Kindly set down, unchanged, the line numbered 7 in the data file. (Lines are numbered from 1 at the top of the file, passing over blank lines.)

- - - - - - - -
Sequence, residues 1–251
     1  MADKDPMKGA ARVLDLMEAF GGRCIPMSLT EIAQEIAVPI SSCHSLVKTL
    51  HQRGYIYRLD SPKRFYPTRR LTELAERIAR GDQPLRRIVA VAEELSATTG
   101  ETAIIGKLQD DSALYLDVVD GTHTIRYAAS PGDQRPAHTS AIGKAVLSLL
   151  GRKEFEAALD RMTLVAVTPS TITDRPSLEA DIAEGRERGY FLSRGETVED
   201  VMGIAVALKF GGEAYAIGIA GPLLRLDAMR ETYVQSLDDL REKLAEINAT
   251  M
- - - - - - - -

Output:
   251  M